Comcast move highlights fight for voice customers

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Comcast's plan to offer telephone services to its cable customers highlights the emerging battle between cable and telecommunications companies to provide ?triple-play? services and control the flow of digital content into the home.

Monday's announcement by the largest US cable operator follows similar moves by rival operators including Time Warner and Cox Communications and signals the determination of the big cable groups not to be outflanked by three of the regional telecoms operators. Verizon, SBC Communications and BellSouth have all announced ambitious plans to launch video services over fibre-optic networks.

Underscoring this, In-Stat, a telecoms consultancy, predicted on Monday that, as more cable providers turned to internet telephony using VoIP (Voice over Internet Protocol) technology over the next few years, total worldwide cable telephony subscribers would pass the 14m mark by late 2005, and grow to more than 22m by year-end 2008.

?The buzz surrounding VoIP telephony services has been constant during the past year, and virtually all leading North American cable operators are either investing resources to further explore VoIP's viability, or have actually deployed the service,? said Mike Paxton, In-Stat analyst.

In a recent report, In-Stat found that more than 11m households and businesses worldwide used cable telephony services. ?The long-anticipated ?VoIP spike' in worldwide subscribers will actually be more of a steady rise, particularly during the 2005/2006 period,? the report said.

But while there is much excitement surrounding cable-based VoIP services, In-Stat cautioned that the vast majority of cable telephony subscribers still relied on traditional circuit switched technology. Of the 11.8m worldwide cable telephony subscribers at the end of 2004, less than 500,000 were using VoIP technology.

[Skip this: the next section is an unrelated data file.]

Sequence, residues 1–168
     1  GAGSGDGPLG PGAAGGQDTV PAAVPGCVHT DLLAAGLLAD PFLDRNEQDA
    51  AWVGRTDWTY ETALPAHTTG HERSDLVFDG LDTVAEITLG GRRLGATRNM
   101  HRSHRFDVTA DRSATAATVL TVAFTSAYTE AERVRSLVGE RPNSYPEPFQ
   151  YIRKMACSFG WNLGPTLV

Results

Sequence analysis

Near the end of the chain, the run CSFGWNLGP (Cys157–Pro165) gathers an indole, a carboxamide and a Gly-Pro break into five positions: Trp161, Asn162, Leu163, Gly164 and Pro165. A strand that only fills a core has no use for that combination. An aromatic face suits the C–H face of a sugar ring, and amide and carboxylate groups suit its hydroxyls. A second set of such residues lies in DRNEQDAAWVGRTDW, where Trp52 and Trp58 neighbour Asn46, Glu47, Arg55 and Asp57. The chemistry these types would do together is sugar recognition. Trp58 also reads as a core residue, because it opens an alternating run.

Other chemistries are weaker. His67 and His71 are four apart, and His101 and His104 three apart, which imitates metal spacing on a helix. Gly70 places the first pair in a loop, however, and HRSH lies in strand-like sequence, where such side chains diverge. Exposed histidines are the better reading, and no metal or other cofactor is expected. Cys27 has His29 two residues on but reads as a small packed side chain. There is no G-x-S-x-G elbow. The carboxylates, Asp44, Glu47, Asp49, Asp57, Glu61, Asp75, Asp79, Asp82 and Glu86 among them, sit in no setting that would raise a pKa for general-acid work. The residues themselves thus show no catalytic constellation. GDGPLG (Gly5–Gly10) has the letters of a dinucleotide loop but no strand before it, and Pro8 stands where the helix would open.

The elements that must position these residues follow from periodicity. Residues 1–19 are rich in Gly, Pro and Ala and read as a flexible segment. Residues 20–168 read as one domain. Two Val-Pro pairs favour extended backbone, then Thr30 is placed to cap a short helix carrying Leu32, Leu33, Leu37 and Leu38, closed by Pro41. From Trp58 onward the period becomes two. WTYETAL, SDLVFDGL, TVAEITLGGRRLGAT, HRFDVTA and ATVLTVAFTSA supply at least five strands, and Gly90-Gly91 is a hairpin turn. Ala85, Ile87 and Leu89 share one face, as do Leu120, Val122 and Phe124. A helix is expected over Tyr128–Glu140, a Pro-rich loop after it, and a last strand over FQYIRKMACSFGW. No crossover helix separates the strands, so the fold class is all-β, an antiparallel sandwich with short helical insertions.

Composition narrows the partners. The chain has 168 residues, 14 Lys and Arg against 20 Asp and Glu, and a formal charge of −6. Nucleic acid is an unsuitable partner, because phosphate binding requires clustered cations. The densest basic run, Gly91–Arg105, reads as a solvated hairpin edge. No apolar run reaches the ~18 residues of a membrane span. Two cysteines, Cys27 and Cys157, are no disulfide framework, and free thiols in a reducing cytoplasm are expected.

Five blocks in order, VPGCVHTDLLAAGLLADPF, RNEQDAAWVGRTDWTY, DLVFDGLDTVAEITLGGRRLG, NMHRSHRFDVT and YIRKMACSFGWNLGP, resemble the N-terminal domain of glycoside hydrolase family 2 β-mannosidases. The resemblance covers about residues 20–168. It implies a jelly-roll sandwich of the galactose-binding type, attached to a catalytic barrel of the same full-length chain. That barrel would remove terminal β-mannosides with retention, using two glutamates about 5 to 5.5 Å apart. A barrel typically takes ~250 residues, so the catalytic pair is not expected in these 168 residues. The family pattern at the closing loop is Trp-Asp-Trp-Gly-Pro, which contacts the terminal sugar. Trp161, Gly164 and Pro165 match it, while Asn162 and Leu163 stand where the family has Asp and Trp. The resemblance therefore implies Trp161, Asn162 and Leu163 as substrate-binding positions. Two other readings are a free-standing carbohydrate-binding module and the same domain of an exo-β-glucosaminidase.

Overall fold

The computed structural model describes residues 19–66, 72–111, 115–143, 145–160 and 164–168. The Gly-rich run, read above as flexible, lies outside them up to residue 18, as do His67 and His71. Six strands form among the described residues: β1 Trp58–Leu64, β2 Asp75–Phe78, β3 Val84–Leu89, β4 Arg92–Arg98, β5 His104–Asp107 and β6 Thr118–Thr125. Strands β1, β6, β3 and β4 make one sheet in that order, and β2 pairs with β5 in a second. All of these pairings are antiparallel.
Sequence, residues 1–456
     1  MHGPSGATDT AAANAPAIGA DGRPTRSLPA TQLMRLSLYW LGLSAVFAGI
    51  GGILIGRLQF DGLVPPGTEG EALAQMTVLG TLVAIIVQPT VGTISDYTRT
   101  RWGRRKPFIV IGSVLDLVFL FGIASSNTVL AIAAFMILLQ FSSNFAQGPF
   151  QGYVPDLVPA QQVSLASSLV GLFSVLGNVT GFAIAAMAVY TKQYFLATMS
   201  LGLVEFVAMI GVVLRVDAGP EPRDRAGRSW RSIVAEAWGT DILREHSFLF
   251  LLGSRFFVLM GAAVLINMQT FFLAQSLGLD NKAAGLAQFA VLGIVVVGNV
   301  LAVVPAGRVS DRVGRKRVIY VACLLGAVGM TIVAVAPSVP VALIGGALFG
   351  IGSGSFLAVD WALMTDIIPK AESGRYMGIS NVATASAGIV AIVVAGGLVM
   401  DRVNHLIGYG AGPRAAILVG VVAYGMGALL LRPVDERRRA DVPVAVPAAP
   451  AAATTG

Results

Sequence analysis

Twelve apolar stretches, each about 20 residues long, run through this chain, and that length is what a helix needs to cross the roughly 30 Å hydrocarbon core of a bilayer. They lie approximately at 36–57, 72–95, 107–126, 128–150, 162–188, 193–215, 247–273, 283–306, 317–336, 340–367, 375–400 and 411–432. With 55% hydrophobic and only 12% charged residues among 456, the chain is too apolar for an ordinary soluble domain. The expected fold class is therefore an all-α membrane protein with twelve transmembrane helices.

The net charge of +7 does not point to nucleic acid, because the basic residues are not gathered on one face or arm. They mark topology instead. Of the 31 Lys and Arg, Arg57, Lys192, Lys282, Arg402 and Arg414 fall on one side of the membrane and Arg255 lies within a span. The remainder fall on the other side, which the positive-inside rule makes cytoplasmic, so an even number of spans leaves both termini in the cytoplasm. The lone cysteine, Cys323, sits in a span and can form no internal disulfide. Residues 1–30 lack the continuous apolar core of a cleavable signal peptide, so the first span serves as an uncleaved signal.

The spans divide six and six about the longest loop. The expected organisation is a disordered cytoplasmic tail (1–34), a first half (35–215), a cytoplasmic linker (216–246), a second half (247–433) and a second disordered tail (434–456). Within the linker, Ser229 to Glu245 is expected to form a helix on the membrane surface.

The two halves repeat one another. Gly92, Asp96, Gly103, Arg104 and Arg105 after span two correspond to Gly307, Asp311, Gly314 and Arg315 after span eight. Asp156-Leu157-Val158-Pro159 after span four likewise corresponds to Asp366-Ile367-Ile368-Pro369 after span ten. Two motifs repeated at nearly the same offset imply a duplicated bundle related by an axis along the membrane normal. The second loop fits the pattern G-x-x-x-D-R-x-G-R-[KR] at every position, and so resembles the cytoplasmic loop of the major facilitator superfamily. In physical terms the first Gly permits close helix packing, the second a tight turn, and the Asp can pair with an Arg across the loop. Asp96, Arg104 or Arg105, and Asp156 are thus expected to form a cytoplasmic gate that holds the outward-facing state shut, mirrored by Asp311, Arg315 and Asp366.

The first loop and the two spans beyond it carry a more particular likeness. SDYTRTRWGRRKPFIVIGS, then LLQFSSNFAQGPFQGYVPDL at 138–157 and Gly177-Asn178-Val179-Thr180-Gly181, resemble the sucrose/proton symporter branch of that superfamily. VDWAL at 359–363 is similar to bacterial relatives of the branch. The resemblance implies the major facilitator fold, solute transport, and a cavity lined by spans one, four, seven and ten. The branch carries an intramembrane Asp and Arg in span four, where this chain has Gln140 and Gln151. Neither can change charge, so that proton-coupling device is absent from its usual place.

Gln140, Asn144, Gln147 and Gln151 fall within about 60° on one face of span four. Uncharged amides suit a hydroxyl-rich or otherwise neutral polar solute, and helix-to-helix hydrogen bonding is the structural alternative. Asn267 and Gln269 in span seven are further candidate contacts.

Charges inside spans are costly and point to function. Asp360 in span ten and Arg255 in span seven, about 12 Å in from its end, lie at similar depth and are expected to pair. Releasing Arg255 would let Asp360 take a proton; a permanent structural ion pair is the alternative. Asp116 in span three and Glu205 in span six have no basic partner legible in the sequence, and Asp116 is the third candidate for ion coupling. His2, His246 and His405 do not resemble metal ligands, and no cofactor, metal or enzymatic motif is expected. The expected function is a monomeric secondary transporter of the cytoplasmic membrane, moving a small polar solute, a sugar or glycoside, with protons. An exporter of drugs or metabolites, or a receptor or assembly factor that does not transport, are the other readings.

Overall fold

This suggests that subscribers are reluctant to rely on internet telephone services alone. If individuals cannot get access to emergency 911 services, for example, they may not want to part with their traditional telephone service.

Comcast is planning to provide everything customers can get from their traditional telephone, and more. There are signs that improved technology is encouraging customers to switch. For example, Time Warner has found that 85 per cent of its new telephone customers are transferring their old phone number to the internet service.

Over the past two years a handful of start-ups such as Vonage, Net2Phone and Packet8 have begun to offer broadband VoIP services to consumers. Their main attraction has been price, with subscribers typically paying $20-$30 a month for unlimited local and long-distance US calls, about half the price of standard phone services.

However, cable operators are charging more. Both Comcast and Time Warner charge $39.95 per month for local and long-distance unlimited phone use. Comcast said it was undercutting telecoms companies by 10-15 per cent, a relatively modest amount that indicates it is not just price they are competing on.

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